“She is a student of teaching and learning herself as she continuously infuses new life and energy into her courses,” says Francine Hultgren, professor and chair of the Department of Teaching and Learning, Policy and Leadership.
Roohollah Ebrahimian / Service
DEPARTMENT OF MATHEMATICS
As the leader in two of the most famous student mathematics competitions in the United States, Roohollah Ebrahimian is a central figure in the Department of Mathematics’ outreach activities to surrounding communities, the state of Maryland, and current and future students and their families.
Ebrahimian earned his undergraduate and master’s degrees in mathematics from Sharif University of Technology in Tehran, and his Ph.D. at Yale University. He served as an instructor at Yale, then worked for two years as an assistant professor at Southern Connecticut State University before arriving at the University of Maryland in 2014 as a lecturer. In 2017, he was promoted to senior lecturer, and teaches three courses each semester in a department that, with 10,000 students enrolled, is the largest teaching operation on campus.
Ebrahimian is the lead organizer annually for the Maryland High School Math Competition, considered one of the most important events of its type nationally, with winners gaining admission to top-ranked universities. He also oversees UMD’s participation in the Putnam Mathematical Competition as the team trainer; under his leadership, the university has consistently finished among the top 15 out of more than 500 teams and 4,500 individual competitors.
“Dr. Ebrahimian has been instrumental in the development of my mathematical abilities,” says Pratik Rathore ’21, a member of UMD’s 2018 Putnam Competition team. “I learned new methods of solving problems that I had not seen before.”
Such outreach activities and dedicated work with students have created positive impressions of the University of Maryland at every level, says Doron Levy, professor and chair of mathematics.
“His efforts have consistently been beyond anything we expect from our PTK faculty,” Levy says. “Dr. Ebrahimian’s efforts are unique, and the impact of his service to our community is off the scale.”
Christine Harvey / Service
PHILIP MERRILL COLLEGE OF JOURNALISM
Senior Lecturer Christine Harvey has played an integral role at the Philip Merrill College of Journalism for more than 25 years, innovative in her pursuit of outstanding journalism education, tireless in improving the university’s assessment of learning outcomes, and trusted as a mentor by both faculty and staff.
Harvey, a Merrill College graduate herself, is a former newspaper reporter and editor who joined the faculty in 1992. She has jumped in wherever needed, from directing internships and career services to serving as lead instructor for several foundational classes. She helped create—and still manages—the graduate certificate in professional studies for multimedia journalists, and she developed Merrill College’s multimedia news bureau for Capital News Service in 2001, leading it for a decade.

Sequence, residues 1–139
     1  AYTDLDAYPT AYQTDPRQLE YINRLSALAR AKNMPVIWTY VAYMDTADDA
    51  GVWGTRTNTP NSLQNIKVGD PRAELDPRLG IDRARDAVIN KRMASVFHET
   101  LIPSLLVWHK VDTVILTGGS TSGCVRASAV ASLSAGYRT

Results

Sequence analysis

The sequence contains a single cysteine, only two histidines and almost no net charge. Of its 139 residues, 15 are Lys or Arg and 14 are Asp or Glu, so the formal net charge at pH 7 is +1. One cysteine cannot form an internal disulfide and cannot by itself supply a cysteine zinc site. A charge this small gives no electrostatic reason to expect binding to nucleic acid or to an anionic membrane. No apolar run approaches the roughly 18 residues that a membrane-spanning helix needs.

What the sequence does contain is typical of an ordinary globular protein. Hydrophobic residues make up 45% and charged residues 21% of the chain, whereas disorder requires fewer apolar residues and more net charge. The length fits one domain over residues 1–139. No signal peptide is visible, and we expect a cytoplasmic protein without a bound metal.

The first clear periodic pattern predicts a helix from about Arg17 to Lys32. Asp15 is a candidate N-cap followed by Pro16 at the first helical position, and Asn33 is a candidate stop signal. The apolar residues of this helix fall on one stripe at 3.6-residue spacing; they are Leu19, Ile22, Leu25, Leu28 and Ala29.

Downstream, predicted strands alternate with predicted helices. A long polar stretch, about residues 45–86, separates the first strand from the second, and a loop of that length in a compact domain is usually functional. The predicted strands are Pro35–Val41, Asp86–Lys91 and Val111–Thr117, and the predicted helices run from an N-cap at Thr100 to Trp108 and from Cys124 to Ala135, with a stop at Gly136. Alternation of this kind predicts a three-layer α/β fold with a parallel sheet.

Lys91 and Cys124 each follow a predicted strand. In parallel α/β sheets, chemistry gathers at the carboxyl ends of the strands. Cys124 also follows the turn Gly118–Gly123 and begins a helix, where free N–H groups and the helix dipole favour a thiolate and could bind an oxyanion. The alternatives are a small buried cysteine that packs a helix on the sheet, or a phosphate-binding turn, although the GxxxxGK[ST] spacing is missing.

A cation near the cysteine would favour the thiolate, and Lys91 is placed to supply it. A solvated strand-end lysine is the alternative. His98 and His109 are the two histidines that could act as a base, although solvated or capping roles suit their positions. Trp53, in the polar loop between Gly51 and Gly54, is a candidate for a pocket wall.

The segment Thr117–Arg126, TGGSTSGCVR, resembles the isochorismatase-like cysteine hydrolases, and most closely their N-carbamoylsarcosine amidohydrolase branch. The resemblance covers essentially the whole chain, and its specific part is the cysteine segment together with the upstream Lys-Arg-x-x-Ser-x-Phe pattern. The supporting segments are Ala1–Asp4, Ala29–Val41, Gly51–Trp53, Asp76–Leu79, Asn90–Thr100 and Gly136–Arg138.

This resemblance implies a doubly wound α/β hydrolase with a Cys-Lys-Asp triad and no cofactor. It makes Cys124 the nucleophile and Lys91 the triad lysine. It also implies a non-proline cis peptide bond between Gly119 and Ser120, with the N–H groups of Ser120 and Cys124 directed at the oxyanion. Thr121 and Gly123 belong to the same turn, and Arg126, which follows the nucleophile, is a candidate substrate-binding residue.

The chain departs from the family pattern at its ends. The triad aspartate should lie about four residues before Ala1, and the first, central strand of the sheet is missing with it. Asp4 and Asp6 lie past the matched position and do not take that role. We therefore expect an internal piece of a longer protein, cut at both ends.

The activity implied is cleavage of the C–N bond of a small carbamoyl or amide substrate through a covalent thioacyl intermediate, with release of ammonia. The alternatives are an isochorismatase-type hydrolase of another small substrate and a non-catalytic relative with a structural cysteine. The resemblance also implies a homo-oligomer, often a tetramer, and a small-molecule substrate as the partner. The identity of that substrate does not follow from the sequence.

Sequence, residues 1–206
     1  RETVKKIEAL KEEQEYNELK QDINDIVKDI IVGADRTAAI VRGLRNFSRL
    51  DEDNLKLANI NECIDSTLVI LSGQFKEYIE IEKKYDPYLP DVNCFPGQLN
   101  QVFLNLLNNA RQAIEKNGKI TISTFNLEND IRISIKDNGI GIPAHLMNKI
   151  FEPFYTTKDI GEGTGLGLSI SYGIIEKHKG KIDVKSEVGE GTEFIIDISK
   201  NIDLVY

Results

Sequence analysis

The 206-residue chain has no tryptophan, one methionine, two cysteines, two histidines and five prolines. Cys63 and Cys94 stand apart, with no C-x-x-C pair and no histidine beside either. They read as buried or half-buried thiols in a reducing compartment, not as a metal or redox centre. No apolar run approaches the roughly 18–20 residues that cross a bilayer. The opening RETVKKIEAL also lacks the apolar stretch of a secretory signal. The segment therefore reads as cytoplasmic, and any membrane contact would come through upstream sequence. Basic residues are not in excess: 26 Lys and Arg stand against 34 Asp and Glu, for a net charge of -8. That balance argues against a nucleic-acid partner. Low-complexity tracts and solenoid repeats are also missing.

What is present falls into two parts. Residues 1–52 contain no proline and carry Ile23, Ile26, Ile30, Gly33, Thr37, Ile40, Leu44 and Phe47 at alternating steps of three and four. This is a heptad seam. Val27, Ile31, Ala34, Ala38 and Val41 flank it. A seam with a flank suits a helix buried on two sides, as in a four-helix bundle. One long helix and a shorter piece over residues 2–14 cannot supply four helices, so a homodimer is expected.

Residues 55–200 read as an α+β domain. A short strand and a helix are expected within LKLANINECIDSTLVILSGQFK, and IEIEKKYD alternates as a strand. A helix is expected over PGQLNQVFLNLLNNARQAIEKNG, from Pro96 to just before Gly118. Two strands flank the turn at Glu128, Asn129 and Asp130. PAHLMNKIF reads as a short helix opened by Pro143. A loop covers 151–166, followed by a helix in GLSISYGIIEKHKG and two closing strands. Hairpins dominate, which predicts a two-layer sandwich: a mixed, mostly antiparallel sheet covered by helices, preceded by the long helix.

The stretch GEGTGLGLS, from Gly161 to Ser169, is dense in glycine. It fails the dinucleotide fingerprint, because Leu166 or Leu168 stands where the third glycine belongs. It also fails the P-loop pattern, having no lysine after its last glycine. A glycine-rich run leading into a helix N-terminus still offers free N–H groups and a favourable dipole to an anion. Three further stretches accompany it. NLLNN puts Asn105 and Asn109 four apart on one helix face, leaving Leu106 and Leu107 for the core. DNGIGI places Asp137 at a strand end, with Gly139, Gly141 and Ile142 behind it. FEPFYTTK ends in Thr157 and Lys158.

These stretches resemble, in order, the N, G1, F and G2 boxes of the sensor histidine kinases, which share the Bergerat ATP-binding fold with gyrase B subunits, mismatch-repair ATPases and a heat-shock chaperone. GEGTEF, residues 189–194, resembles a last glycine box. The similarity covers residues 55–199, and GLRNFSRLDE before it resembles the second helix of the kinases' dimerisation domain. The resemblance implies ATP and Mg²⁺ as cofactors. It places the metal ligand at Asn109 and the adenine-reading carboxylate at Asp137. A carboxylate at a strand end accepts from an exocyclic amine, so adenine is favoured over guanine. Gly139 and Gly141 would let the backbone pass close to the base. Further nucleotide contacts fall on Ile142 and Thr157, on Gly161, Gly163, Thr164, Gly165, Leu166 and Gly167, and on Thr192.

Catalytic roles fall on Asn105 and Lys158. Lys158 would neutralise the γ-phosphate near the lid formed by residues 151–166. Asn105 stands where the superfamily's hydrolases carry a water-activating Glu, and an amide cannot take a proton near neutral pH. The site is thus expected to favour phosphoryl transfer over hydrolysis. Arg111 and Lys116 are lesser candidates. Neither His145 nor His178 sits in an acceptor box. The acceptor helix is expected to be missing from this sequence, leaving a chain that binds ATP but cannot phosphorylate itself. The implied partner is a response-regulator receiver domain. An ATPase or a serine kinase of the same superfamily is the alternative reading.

In 2016, she played a key role in writing the college’s 300-page national reaccreditation report, and two years ago, she teamed with the associate dean to overhaul Merrill College’s undergraduate curriculum to better prepare students for the rapidly changing industry. She has also served since 2013 as the college’s representative on the Provost’s Commission on Learning Outcomes Assessment, charged with leading continuous improvement efforts in all UMD undergraduate programs.
Chris has a very thoughtful way of contributing to group conversations, leveraging her expertise on the subject in a nonconfrontational way that even allows for others to disagree while also understanding and valuing her perspective,” says William A. Cohen, associate provost and dean for undergraduate studies, along with Assistant Dean Ann C. Smith and Sharon A. La Voy, assistant vice president for institutional research planning and assessment.
Harvey has helped to recruit and train adjunct faculty from top news organizations and has created seven new courses and taught another 11. She’s frequently who students turn to when they feel overwhelmed.
“I’m humbled by her ability to excel at so many different tasks, while simultaneously displaying the kind of care for colleagues and students that many of us feel makes Merrill College a special place,” says Rafael Lorente, associate dean for academic affairs.